My Really, Really Brief Encounter with Marvin Minsky

With Marvin Minsky’s passing, I remember I do have a Marvin Minsky story. It’s a short story, since I don’t recall encountering him in person even though I spent some time in the MIT AI Lab as an undergrad (oddly, some of that time was spent writing for my short story course — those $10,000 Lisp workstations made good word processors).

My encounter with Professor Minsky was before that, on the phone, when I worked at the MIT Microcomputer Center, which was basically their on-campus PC store. He called up and asked some details about a Mac. Then he asked my name and said “I’m Marvin Minsky,” and thanked me for my help. That’s it, end of story.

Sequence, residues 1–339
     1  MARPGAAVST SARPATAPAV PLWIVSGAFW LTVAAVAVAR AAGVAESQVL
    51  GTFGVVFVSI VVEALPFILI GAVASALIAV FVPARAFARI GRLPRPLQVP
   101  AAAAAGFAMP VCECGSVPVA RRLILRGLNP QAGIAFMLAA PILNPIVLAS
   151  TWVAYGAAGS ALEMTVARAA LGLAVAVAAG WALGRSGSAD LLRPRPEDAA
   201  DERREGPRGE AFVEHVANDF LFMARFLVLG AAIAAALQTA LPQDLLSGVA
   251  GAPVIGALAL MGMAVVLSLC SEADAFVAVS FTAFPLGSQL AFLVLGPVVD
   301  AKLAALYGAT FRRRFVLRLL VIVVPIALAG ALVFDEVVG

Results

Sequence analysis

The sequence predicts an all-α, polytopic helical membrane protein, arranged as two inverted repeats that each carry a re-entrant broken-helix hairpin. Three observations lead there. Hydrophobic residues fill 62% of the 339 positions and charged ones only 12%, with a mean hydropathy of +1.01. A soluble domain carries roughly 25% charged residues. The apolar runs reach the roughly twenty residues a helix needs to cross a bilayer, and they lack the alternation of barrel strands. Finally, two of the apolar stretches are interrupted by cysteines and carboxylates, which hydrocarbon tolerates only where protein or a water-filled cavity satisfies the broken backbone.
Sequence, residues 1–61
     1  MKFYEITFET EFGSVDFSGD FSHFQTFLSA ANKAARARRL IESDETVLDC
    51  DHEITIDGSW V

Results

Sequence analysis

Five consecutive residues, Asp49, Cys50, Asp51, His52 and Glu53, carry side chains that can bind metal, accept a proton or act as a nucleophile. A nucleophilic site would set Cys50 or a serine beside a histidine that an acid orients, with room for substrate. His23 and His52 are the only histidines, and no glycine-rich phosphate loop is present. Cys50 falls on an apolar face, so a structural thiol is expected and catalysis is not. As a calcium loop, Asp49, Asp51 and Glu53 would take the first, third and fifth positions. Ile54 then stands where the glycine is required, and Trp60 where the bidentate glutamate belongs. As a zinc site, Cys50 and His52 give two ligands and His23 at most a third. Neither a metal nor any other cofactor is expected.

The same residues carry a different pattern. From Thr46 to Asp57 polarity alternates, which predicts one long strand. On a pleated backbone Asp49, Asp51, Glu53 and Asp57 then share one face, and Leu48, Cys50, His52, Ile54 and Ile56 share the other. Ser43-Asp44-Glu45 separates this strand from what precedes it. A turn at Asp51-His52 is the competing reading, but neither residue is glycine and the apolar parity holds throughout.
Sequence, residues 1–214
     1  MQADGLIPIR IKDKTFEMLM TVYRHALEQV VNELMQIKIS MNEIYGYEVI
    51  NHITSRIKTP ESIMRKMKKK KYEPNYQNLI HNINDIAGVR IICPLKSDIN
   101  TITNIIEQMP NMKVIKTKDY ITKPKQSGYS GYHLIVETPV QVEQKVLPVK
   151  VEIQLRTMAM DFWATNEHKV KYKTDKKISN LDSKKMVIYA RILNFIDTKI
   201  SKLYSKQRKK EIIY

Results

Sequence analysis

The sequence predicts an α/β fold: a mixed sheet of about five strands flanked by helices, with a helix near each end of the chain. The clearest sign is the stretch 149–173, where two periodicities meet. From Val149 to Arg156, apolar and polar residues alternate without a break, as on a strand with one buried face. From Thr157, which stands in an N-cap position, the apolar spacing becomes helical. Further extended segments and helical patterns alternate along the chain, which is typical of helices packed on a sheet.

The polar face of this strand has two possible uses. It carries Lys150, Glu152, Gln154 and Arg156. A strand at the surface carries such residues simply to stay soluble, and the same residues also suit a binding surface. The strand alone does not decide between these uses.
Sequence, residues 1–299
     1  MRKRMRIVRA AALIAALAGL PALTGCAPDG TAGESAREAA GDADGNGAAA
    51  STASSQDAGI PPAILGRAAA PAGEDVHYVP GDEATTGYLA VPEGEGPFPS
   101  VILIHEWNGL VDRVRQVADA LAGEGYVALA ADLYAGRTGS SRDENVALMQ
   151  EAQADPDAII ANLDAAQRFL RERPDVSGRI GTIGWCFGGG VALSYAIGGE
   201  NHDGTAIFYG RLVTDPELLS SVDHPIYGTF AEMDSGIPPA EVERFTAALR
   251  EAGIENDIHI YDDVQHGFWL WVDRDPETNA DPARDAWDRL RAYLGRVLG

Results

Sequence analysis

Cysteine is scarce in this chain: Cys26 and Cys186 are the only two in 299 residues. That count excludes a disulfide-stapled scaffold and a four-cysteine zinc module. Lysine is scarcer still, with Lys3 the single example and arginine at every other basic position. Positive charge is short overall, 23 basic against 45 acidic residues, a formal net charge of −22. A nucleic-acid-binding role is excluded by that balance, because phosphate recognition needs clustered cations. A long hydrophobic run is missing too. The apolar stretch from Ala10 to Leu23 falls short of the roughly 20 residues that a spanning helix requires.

But you could say I felt his presence everywhere — the existence of the AI Lab, run by one of his students, his students who taught some of my courses, the course paper I wrote worth 50% of my grade on his book Society of Mind (the instructor actually liked the paper, even though I wrote it in such a hurry one paragraph trailed off without ending, like this…).

And I thoroughly enjoyed his neural-network-dissing book Perceptrons, coauthored with Seymour Papert of Logo fame, especially the second edition preface that, as I recall, stated they were essentially reprinting the first edition because no advances had been made in the field. That was hilarious.